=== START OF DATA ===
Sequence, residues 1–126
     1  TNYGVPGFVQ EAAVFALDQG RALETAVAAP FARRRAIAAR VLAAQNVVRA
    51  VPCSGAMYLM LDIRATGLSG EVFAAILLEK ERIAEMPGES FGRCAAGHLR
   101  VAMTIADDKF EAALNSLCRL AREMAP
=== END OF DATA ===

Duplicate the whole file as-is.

Sequence, residues 1–126
     1  TNYGVPGFVQ EAAVFALDQG RALETAVAAP FARRRAIAAR VLAAQNVVRA
    51  VPCSGAMYLM LDIRATGLSG EVFAAILLEK ERIAEMPGES FGRCAAGHLR
   101  VAMTIADDKF EAALNSLCRL AREMAP